Stupid, as in "sure you could just read this thing through your iPad's web browser, but you've apparently got more money than brains so we expect you to do this instead". Or, stupid as in "sure the advertisers who are our real customers don't give a shit about online readership numbers. But we expect you to cough up some dough to pretend that they do."

Or maybe just "hey, you're not buying the iPad because of what it does, you're buying it because you want to be seen using it while you drink your decaf soy latte at the local Starbucks. So ante up douchebag, and read the Sunday times like your peers expect you to." [1]

Okay, so maybe that's a little smart after all.

[1] Having been a guy who served lattes from behind the espresso bar, I don't really have anything against latte-drinkers. Hell, I drink lattes! But lets be clear about the social positioning and signalling going on here.

Monday, February 15, 2010


Can't remember where I read it, but a former MSFT insider wrote recently that a simple way to judge the kind of company that Microsoft is and what kind of company its competitors are is to look at how old its revenue streams are.  For example, Microsoft makes essentially all of its profits from Windows and Office, a line of products that are, conservatively, each 20 years old.  Hell, we're now 15 years out from Windows 95, right?

Meanwhile, Apple now makes more money from selling iPhones than it does selling computers [PDF] -- the iPhone being a grand total of 3 years old.  Even excluding the iPhone, "iPod and music services" (presumably iTunes Music Store, only 7 years old) account for more revenue than desktops and portable computers.  Result: Apple could lose the entire personal computing market and, while there'd no doubt be a few lean dinners at Cupertino, they'd actually be doing just fine.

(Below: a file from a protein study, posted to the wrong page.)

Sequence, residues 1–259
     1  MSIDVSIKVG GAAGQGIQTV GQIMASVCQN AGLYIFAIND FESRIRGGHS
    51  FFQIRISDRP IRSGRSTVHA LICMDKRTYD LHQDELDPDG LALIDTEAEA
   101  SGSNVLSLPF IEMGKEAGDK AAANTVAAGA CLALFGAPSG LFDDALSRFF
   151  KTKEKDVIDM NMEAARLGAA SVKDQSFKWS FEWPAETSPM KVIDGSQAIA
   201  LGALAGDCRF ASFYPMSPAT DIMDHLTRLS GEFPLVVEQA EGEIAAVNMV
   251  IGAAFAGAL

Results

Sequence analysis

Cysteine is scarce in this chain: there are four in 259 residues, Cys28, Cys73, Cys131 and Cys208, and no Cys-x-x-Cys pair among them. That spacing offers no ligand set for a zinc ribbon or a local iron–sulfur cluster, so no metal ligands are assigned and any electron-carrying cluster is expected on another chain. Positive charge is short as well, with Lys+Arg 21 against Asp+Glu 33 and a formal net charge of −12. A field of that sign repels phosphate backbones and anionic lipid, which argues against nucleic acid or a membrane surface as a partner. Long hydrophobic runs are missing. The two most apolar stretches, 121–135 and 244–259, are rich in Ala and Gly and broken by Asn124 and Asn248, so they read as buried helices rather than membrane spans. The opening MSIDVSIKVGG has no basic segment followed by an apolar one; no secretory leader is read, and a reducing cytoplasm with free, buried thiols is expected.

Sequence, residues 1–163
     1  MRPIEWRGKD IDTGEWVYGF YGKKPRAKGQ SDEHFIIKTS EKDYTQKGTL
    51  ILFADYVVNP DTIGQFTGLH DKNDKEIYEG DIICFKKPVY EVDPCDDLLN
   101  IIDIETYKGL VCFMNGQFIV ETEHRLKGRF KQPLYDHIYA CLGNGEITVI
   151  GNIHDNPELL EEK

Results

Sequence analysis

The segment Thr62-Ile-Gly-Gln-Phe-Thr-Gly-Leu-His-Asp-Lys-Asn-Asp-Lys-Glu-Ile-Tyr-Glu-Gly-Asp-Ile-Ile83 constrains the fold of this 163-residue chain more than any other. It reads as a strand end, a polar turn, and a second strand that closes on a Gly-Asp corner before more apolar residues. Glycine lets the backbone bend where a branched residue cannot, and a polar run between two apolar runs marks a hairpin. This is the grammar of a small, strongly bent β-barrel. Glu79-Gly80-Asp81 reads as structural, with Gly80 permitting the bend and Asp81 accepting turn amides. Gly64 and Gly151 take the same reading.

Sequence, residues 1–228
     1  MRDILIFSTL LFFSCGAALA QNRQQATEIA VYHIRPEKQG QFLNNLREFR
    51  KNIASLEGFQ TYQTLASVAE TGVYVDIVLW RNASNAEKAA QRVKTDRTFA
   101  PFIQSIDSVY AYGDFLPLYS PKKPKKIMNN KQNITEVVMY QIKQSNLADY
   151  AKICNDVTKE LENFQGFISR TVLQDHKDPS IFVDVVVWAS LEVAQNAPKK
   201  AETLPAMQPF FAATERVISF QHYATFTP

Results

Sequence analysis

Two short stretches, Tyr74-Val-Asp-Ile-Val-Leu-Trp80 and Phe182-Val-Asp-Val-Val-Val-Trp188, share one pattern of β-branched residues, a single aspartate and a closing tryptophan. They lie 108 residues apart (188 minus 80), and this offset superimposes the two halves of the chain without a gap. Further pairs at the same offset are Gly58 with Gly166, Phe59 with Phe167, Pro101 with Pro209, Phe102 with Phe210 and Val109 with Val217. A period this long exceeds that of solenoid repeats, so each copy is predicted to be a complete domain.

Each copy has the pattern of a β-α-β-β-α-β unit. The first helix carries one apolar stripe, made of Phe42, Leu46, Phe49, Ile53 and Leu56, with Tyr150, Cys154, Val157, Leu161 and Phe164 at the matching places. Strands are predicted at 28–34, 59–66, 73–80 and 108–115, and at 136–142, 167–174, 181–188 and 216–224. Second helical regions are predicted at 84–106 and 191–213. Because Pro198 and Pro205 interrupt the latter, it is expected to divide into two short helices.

Meanwhile, Microsoft's revenue stream rests basically on the presumption that an extortionate monopoly can be maintained in perpetuity.  What happens if tomorrow the US government announces they're shifting to OpenOffice? Just asking.

Saturday, February 13, 2010

The zero-cost military

This is a bit old, but it made the rounds a bit earlier this week and it merits discussion:
Indeed, total spending (actual and planned) after 2001 appears much above the average for the preceding five decades. The Obama administration is contributing substantially to this trend. It plans to spend more on defense in real (inflation-adjusted) terms than did any administration since 1948 – a period encompassing the entire Cold War, including two large-scale, protracted regional wars: Korea and Vietnam.
This chart sums it up nicely.